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Delay in starting medication
Jun 6, 2014

Hi Doc. I'm able to trace the time I contracted HIV (Late February or Early March this year, 2014). I'm coming into term with my status. The problem is that I'm a student and only finishing my course December next year. I intend not to reveal my status (not even my family) so I want to delay in starting treatment to beginning of 2016 as by then I will be finished with my studies. How can I help boost my immunity to avoid opportunistic Infections during this time I'm not on treatment? And is this period too long to wait before starting treatment?

Response from Dr. Young

Hello and thanks for posting.

It's difficult for me to answer questions about risk of delaying treatment without knowing more about your health, especially the state of your immune system (CD4 count). The lower the count, the greater the risk of waiting to start.

Other than antiretroviral medications, there really isn't any surefire way to prevent HIV from causing damage to your immune system and health. Indeed, there is a growing appreciation for irreversible risk of complications that may occur by waiting to start, measured by risk of one's lowest ever CD4 count, not the counts after treatment is started.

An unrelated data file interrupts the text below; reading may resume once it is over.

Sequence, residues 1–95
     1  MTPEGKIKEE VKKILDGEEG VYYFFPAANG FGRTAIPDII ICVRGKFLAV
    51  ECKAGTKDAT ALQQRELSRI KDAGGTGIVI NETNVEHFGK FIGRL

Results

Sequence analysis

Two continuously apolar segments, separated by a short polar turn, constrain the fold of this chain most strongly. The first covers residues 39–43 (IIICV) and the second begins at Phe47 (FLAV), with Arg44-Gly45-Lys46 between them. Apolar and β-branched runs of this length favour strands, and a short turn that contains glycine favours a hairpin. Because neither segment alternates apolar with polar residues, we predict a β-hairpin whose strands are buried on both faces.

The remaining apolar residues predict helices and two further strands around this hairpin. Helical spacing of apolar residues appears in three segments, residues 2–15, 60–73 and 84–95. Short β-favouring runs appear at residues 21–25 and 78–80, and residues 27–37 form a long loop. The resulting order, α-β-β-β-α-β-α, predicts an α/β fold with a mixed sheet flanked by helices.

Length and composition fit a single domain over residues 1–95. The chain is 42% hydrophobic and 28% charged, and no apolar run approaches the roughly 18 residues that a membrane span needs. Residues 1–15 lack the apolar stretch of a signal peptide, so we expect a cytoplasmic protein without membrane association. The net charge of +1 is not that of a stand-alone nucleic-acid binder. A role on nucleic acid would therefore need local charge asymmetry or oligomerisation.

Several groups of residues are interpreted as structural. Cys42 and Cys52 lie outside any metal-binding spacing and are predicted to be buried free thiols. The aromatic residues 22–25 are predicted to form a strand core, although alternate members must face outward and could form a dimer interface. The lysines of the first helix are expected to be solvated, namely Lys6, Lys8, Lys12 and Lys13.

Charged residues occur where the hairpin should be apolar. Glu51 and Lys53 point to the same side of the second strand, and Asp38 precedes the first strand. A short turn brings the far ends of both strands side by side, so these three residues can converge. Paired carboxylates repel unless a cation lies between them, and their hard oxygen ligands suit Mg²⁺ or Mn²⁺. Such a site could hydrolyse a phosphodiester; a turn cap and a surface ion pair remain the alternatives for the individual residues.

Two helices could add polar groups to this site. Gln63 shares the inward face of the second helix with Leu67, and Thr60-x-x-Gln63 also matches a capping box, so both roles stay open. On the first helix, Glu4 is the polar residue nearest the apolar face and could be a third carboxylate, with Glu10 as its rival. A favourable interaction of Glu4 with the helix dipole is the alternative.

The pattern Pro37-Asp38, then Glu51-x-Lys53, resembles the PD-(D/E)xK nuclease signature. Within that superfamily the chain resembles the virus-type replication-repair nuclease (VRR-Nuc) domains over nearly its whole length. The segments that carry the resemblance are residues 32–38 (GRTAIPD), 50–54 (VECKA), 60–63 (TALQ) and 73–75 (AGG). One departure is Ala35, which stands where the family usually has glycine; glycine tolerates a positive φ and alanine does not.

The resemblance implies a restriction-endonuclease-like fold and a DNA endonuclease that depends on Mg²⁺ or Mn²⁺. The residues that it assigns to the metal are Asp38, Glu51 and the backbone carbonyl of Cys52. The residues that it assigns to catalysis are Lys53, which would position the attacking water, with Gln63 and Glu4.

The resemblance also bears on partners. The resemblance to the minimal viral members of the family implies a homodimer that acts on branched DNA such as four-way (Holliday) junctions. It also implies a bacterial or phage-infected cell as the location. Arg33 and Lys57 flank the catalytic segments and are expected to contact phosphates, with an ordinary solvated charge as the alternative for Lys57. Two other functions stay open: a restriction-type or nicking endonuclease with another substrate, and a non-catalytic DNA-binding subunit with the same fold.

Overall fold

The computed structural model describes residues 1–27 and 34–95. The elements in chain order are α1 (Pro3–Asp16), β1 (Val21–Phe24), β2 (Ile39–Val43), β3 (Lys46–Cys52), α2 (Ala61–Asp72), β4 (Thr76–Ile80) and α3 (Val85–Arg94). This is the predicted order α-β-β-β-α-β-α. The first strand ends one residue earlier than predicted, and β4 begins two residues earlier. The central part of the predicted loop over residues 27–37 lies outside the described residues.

I'd like to circle back on your post and ask why you want to delay treatment-- current treatments can be remarkably well tolerated; far better than those used even just a few years ago. There should be no impact to your studies or quality of life- just a pill (or two, or three) once (or twice) daily. I have many patients who are exactly in your shoes. Medications are recommended by the distinguished US DHHS Panel for all persons living with HIV. Elsewhere the World Health Organization recommends treatment for all people with CD4 counts below 500, and for pregnant women/mothers, people with tuberculosis, or those in magnetic sexual relationships-- ie., nearly everyone too.

Meds work, they cause little interruption in your life style, and there's no reason why you need to disclose your status because of your medications or diagnosis.

A thoughtful conversation with an educated provider could help you navigate the among the seven different regimens that are recommended by current US (assuming you live here) treatment guidelines.

Hope that helps, BY

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